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Mesothelioma: Tests, Diagnosis, and Treatments

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Mesothelioma Tests continued...

Biopsies. There are methods of removing tissue to be examined for mesothelioma. They include:

Needle Biopsy. This procedure involves inserting a long, hollow needle through the skin to remove a tiny piece of a tumor. Your doctor may use imaging tests to guide the needle into the tumor. In some cases, the sample may be too small to make a diagnosis and a more invasive procedure is needed.

Thoracoscopy, Laparoscopy, and Mediastinoscopy. In these procedures, the doctor inserts a thin, lighted scope through a small incision in the skin to see potential areas of mesothelioma. Small tools, inserted through additional incisions, can be used to remove pieces of tissue to examine under a microscope. The specific procedure depends on the area being examined.

  • Thoracoscopy examines the space between the lungs and chest wall
  • Laparoscopy examines the inside of the abdomen
  • Mediastinoscopy examines the center of the chest, around the heart

Surgical Biopsy. In some cases, more invasive procedures may be needed to get a large enough tissue sample to make a diagnosis. In that case, a surgeon may perform a thoracotomy (opening the chest cavity) or laparotomy (opening the abdominal cavity) to remove a larger sample of tumor or the whole tumor.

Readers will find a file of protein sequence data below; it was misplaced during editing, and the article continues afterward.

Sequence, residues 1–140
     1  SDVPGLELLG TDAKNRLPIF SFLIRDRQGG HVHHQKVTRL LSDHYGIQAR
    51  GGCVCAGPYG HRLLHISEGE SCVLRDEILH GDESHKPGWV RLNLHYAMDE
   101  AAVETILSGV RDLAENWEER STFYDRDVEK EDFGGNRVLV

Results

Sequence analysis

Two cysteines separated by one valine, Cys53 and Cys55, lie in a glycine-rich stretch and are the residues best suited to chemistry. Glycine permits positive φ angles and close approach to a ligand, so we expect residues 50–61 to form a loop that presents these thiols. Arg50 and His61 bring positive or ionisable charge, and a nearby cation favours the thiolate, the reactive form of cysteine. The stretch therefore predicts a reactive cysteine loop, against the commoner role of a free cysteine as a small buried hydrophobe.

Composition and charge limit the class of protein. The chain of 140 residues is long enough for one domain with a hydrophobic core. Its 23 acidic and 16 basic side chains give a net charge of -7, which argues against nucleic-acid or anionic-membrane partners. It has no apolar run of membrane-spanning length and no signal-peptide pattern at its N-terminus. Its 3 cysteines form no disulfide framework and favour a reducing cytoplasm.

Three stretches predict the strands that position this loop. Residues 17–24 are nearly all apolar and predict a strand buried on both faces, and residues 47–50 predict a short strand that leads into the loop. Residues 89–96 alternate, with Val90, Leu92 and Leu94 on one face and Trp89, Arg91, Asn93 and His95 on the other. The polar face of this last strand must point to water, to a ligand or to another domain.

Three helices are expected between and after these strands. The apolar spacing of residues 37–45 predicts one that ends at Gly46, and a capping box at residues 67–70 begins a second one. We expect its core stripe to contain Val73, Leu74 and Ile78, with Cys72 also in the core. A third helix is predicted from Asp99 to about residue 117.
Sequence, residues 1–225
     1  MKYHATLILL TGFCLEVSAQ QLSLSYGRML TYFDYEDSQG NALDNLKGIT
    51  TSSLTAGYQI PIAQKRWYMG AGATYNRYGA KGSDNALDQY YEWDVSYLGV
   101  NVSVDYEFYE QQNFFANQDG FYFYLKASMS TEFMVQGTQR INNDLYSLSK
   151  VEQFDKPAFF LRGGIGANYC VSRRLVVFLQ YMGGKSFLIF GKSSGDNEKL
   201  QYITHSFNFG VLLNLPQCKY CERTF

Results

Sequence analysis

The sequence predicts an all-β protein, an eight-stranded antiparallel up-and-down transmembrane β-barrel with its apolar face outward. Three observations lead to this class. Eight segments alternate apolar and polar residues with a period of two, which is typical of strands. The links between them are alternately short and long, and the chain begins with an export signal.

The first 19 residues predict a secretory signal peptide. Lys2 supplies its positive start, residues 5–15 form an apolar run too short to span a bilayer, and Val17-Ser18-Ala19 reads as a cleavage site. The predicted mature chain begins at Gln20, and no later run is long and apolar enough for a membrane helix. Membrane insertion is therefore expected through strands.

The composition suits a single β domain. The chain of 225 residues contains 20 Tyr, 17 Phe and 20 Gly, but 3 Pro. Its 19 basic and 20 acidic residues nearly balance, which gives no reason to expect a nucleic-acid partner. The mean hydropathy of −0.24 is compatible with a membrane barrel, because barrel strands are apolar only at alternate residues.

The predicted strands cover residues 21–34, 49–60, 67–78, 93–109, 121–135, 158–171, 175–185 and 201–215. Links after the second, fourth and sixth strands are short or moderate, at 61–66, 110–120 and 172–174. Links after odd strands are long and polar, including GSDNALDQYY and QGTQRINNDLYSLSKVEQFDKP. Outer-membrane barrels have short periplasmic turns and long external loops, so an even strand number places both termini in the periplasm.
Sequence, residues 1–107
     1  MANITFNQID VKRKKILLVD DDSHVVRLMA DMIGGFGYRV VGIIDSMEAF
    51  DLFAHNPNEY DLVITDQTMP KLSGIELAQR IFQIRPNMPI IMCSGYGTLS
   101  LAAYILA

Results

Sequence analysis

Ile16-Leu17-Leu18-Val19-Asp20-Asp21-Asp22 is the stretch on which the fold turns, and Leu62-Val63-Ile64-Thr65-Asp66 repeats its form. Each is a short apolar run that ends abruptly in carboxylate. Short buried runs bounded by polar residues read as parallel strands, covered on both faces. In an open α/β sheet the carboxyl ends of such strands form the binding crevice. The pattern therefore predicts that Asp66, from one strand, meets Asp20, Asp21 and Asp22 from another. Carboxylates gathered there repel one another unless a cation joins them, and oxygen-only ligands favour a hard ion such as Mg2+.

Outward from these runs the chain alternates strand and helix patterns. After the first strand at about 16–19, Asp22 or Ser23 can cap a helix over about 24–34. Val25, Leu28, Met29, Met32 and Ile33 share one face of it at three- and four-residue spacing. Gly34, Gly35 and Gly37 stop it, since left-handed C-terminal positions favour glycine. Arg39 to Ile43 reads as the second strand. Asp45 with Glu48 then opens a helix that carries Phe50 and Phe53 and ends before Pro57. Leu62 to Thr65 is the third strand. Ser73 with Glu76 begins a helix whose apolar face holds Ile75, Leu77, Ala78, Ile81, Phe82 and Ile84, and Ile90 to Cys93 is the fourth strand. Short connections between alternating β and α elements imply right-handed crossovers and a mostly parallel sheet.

Bronchoscopic Biopsy. This procedure involves passing a long, thin, flexible tube down the throat to examine the airways for tumors. If a tumor is found, the doctor can remove a small sample of it through the tube.

Imaging Tests. These tests allow your doctor to view the inside of your body noninvasively. Imaging tests commonly used in mesothelioma diagnosis include:

  • Chest X-ray. An X-ray of the chest may show abnormal thickening of or calcium deposits on the lung lining, fluid in the space between the lungs and chest wall or changes in the lungs, which could suggest mesothelioma. 
  • Computed Tomography (CT). The CT scan is a procedure that uses multiple X-rays and a computer to create detailed images of the inside of the body. CT scans are often used to look for signs of cancer, help determine the location of the cancer, and to check if the cancer has spread.
  • Positron Emission tomography (PET). This test involves giving an injection of a compound containing a radioactive atom and then taking pictures of the body. Cancer cells absorb large amounts of radioactive compound and show up brighter than normal tissue on the images. Doctors then focus further tests on these areas of potential cancer.
  • Magnetic resonance imaging (MRI). MRI scans use radio waves and strong magnets to make detailed images of the body. Because they provide detailed images of soft tissues, they may help your doctor determine the tumor's location. For mesotheliomas that involve the diaphragm (a dome-shaped muscle under the lungs), MRI scans may be particularly useful.

 

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